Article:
Market Overview

Consumer Confidence Up Ahead of Holiday Season


Don't look now, but the economy just might be on the path to real recovery.

One consumer confidence poll, just released Friday, showed the fourth straight month of increases, handily beating analyst expectations. The Thomson Reuters/University of Michigan's preliminary reading on their index of consumer confidence came in at 67.7, significantly higher than the 64.1 they reported in November.

"U.S. consumers appear to be ending the year in a better mood," said Paul Dales, an economist at Capital Economics in London.

Part of the increase could be attributed to the holidays and holiday spending, but that hardly tells the whole story. We've also seen increases in employment data, and with gas prices staying relatively lower than they have been, consumers are feeling more confident in their circumstances. There seems to be a sense that we have hit bottom and are now rebounding.

"Although the recent increase may provide that little bit of support to spending in the malls in the coming weeks, it won't lead to a long and lasting acceleration in consumption growth," said Dales.

While that's true, it's also missing the point entirely. The economy is such a tricky thing to capture properly, and any small boost might be the one missing link that pushes the entire mess forward. In other words, this Christmas season's spending increases might be enough to kick-start the economy heading into 2012. If we can build on that, we might finally grow out of this morass we've been in for four years.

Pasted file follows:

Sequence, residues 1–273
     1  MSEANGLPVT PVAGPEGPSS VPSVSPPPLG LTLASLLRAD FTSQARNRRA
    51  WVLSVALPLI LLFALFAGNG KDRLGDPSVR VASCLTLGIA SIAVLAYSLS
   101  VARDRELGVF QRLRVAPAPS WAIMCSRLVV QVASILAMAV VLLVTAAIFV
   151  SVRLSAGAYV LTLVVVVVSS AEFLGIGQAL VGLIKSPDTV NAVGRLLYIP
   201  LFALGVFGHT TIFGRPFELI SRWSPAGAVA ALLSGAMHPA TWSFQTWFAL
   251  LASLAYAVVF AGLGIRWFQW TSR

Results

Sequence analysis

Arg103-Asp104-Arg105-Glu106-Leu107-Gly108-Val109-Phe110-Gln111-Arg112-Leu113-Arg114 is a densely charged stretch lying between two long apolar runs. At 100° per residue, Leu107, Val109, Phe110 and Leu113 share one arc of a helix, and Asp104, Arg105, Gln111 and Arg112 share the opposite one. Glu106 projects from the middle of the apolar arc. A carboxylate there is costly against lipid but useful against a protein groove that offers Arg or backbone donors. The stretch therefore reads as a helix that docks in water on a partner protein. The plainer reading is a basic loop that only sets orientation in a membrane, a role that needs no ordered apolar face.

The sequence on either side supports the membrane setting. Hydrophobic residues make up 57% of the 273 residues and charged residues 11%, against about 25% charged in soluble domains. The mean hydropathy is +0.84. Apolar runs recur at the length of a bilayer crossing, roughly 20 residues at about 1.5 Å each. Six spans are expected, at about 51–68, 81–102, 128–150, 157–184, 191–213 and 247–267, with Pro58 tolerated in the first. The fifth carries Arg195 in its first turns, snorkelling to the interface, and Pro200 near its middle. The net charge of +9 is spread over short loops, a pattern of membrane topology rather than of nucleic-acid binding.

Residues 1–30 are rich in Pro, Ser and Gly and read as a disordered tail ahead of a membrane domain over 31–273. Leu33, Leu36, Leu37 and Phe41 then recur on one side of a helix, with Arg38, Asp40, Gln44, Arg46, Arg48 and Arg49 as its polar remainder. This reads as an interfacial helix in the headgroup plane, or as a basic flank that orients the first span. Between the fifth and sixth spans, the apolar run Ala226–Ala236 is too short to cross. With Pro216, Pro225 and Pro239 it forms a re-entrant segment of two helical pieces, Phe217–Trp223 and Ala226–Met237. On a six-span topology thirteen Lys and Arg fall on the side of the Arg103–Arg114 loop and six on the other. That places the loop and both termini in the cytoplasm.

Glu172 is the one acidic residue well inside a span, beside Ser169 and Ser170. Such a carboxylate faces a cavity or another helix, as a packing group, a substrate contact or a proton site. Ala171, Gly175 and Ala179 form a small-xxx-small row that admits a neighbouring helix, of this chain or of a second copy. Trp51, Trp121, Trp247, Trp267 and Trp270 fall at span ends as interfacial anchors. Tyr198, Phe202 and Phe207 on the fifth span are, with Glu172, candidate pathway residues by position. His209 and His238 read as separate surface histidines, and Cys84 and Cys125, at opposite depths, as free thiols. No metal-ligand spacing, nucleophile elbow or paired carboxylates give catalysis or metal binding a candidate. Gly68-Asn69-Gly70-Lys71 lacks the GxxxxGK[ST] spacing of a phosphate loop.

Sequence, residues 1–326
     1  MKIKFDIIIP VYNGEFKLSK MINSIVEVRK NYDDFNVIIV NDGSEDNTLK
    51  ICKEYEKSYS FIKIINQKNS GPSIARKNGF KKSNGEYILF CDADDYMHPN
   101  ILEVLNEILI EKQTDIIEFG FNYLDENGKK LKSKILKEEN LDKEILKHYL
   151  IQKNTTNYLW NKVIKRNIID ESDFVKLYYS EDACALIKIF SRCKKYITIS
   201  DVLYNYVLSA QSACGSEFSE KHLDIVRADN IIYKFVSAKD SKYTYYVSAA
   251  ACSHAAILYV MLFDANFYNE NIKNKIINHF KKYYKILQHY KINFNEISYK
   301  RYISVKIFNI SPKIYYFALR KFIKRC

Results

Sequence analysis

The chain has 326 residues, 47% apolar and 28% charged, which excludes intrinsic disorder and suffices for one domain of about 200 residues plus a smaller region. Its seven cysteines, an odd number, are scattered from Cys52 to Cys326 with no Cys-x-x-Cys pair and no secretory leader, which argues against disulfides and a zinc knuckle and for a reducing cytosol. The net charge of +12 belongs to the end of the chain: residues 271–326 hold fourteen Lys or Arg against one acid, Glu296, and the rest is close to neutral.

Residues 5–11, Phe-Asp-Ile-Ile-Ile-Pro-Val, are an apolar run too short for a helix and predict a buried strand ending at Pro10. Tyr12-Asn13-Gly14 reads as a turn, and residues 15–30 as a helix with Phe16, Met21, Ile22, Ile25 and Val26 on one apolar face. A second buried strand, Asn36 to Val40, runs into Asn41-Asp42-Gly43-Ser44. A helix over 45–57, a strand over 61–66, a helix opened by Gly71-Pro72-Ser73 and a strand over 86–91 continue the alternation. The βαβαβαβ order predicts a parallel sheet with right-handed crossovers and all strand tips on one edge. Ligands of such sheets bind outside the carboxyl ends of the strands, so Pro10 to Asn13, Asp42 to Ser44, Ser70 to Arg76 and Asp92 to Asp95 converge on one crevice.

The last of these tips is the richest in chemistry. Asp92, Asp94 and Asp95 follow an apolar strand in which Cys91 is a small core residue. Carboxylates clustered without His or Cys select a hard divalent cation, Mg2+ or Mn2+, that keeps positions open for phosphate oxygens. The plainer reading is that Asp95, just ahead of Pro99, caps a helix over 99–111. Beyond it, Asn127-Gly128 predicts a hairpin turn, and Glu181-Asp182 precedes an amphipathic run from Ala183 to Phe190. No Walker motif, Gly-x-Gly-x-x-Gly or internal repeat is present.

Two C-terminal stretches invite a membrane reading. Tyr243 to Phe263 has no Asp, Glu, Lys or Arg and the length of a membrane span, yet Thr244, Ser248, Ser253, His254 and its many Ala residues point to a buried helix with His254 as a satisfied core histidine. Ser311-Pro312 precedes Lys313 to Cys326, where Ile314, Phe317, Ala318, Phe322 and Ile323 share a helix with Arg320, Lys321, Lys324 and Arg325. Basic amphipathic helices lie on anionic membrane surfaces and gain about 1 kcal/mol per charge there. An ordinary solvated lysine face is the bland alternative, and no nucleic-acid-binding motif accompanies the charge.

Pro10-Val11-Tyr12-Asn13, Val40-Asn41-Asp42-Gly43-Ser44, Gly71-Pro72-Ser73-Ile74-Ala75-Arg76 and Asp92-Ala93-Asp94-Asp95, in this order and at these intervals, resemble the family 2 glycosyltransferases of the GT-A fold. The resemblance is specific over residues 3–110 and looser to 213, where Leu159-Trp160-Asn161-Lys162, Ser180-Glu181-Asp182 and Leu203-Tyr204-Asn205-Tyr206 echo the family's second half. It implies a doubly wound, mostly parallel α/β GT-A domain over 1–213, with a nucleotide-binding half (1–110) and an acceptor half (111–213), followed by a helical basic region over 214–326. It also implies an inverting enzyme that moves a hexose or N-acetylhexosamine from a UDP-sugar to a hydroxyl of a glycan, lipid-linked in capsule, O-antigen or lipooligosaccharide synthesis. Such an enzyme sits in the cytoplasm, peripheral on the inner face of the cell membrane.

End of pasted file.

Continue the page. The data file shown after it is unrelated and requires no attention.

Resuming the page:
Think of it like jump-starting a car because the battery is dead. All you need to do is give it a nudge and get it running. If you can do that, and you can drive it a while, the alternator will recharge the battery for you. This bump in consumer confidence just might be the jump-start we need.


Traders who believe that the economy is on its way up might want to consider the following trades:

  • Retailers, such as Walmart (NYSE: WMT) and Kohls (NYSE: KSS) will give you exposure to the lower and medium ends of the shopping spectrum. If consumer confidence stays high, they could benefit from Christmas sales and after-Christmas specials.
  • Prefer an ETF to broaden exposure? How about the SPDR S&P 500 ETF (NYSE: SPY)? This ETF attempts to match the S&P 500 performance. The better it does, the better the fund does.
  • If things truly turn around, housing will be the sector that makes the most difference. That is to say, there is no full turnaround without a housing rebound. Given that, a strong economy could be a benefit to homebuilders like Toll Brothers (NYSE: TOL) and DR Holton (NYSE: DHI).

Traders who believe that this is a temporary uptick in the economy may consider an alternate positions:

  • Buy gold, of course. With Europe still burning, the US economy and its dollar are the last places of refuge. If things stay crummy here, gold becomes attractive at almost any price. You could consider buying the metal itself or an ETF like the SPDR Gold Trust (NYSE: GLD).
  • If you prefer stocks in actual companies, another good gold play is a mining company, like Randgold Resources (NYSE: GOLD) or Golden Star Resources (NYSE: GSS), the latter of which operates in Africa. Could be risk/reward multipliers there.

Neither Benzinga nor its staff recommend that you buy, sell, or hold any security. We do not offer investment advice, personalized or otherwise. Benzinga recommends that you conduct your own due diligence and consult a certified financial professional for personalized advice about your financial situation.

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